As we continue to take a look at individual Blackhawks 2022-23 seasons, Connor Murphy will round out the defensive core.
After coming off, arguably, his worst individual season in 2021-22, Murphy once again struggled during his ‘22-23 campaign. It’s hard to pin down a singular reason for his poor play, as Murphy had issues in all three zones. Both the tape and the statistics will reflect this.
Murphy entered his age 30 season this past year – turning 30 in March – his 10th season overall and 6th with the Blackhawks. Over his tenure in Chicago, he’s been known as a dependable blue-liner at times who plays a somewhat conservative style, but has mostly been reliable in all situations he’s been thrown into.
So what exactly has been going wrong of late for No. 5?
While Murphy is what most would consider a “defensive defenseman”, his defensive zone start percentage of 70.8 at 5-on-5 is a steep number — especially considering he played a career-high 80 games in 2022-23.
This number is reflective of the Blackhawks as a whole, as they both drowned in their own zone all season and were frequently inept when it came to zone exits and entries. Murphy did have a comparable percentage of 5-on-5 zone starts in the previous season (69.9%), however, he played considerably less games (57) and was mostly partnered with Jake McCabe, who was both new to the team and fresh off of an injury.
The Hawks spent an awful lot of time in their own end, and Murphy often found himself a hostage of the team’s inability to exit the defensive zone and retain possession. While his zone exit numbers were not all that pretty, either, they seem illustrate the Hawks’ overall struggles – not just Murphy's issues. With Murphy sometimes playing the “stay at home” roll, it was not unusual to see him fall back and defend after his partner or any of the forwards failed to exit the zone.
What seemed more concerning than zone exits was Murphy’s struggles defending zone entries. He found himself in the red in practically every category and, when watching the tape, it was fairly easy to see how often he had issues in this part of the game. The Hawks may as well have rolled out a red carpet through the neutral zone.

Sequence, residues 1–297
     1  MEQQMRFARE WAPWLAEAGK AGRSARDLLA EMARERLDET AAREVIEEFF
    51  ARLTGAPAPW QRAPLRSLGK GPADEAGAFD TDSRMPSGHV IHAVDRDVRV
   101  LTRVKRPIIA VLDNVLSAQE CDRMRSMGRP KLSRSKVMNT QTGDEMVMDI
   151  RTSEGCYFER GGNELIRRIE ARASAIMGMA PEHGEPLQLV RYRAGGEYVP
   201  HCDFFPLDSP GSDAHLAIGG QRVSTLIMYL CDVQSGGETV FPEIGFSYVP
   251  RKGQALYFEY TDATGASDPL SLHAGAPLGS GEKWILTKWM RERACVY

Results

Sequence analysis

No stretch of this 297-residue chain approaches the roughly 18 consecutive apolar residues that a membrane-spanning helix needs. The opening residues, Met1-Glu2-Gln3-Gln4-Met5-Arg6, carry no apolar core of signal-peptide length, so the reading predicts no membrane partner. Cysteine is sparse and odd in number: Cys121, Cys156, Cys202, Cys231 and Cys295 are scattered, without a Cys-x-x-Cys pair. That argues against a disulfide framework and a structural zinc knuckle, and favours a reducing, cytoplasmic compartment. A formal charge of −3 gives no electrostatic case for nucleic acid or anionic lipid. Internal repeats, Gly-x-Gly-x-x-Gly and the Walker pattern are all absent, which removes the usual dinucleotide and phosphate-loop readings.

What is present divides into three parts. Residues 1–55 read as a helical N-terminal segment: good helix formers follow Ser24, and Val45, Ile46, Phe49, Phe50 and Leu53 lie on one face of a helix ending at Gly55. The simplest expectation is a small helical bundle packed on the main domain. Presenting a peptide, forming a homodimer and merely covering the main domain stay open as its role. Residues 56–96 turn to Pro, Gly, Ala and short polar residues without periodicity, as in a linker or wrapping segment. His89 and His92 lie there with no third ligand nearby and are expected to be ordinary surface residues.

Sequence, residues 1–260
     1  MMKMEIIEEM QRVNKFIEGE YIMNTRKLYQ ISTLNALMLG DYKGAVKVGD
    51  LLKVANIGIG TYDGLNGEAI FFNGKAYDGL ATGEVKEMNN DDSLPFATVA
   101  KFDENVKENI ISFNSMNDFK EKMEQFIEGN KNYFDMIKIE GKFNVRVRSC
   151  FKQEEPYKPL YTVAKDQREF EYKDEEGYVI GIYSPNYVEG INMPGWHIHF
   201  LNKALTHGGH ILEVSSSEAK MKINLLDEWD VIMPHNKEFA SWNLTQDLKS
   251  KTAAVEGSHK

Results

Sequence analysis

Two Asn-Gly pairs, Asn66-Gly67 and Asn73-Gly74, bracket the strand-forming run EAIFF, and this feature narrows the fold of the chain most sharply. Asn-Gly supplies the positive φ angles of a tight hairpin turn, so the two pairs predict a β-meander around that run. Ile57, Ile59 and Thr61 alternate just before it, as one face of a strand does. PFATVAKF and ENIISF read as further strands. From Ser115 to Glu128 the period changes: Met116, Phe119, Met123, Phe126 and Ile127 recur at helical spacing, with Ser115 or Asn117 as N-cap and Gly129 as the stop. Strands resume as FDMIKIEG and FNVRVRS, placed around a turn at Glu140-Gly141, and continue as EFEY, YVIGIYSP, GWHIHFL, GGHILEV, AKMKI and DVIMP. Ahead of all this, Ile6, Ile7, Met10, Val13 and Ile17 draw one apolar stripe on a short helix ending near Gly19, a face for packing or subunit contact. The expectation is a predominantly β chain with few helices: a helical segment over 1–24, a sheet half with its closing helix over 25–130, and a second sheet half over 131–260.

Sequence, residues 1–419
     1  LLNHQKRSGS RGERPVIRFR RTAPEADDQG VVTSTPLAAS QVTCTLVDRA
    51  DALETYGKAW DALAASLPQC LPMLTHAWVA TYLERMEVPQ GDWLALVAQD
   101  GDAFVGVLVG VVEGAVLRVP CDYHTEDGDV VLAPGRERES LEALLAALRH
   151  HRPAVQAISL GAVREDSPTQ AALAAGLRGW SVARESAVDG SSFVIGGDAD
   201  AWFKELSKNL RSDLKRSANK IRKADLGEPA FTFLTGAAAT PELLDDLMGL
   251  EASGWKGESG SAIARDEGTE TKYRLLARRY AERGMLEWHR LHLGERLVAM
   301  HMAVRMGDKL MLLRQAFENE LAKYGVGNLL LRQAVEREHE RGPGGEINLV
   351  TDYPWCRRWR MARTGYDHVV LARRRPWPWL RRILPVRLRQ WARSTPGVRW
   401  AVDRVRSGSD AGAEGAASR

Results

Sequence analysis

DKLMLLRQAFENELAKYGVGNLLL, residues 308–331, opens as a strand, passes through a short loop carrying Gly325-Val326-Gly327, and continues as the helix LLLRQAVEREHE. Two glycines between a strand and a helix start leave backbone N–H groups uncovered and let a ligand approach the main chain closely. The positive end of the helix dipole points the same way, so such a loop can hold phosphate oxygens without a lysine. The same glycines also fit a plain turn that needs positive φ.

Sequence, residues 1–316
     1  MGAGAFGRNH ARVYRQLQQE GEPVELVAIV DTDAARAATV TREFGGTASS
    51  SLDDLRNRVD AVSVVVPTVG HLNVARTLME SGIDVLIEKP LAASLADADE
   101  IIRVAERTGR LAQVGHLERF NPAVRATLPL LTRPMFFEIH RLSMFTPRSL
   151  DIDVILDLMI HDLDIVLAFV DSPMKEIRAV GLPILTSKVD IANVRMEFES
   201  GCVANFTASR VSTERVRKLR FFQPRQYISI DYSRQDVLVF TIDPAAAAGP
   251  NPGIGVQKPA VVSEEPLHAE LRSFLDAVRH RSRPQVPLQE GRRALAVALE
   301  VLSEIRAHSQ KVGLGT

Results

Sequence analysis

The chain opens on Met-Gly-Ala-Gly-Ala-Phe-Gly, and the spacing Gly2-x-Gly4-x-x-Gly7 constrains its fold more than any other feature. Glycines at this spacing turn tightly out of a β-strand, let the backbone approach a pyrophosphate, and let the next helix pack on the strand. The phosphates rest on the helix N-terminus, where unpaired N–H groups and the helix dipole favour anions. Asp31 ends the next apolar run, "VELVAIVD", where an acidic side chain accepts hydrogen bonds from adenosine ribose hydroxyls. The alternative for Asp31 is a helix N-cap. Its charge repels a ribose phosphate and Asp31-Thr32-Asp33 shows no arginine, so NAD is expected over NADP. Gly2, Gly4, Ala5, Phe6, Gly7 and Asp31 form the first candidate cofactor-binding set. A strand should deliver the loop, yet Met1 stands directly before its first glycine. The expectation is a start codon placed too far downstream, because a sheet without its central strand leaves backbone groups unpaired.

Murphy’s offensive stats were not much to write home about either. His 13 points consisted of seven goals — a career high — with six assists. However, Murphy’s not usually depended on to supply points, and his high percentage of defensive zone starts also affected his possession metrics. Murphy's shot attempt share of 42.47 percent and his expected goals share of 44.26 percent — both at 5-on-5 — were certainly uninspiring. Not to mention his high-danger chance share of 44.32 percent was his worst in four seasons and second worst of his entire Blackhawks stint. Poor cycling, bad passing and subpar – at best – decision making led to more poor numbers in this area.
There’s been a lot of change over the past few seasons with the Blackhawks. And while it’s fair to take coaching, systems, teammates and COVID bubbles into consideration, it’s hard to say, after two consecutive poor seasons, that these issues are the main culprits of Murphy’s struggles. While they surely didn’t make things easier, it’s hard to tell if Murphy will be able to bounce back to his former self, now that he's eclipsed 30 years old. Because of that age, it seems like Murphy won't be around for any sort of long-term plan in Chicago. But with Murphy being owed $13.2 million next three seasons, he'd need to find that old form if the Blackhawks are going to find a way to trade him down the road.
Did he lose a step? Did the league pass him by? Was he hanging the “not interested” sign due to the circumstances surrounding the team? These are all questions to be answered this coming season, which should tell us whether Murphy finishes out that contract in Chicago – or somewhere else.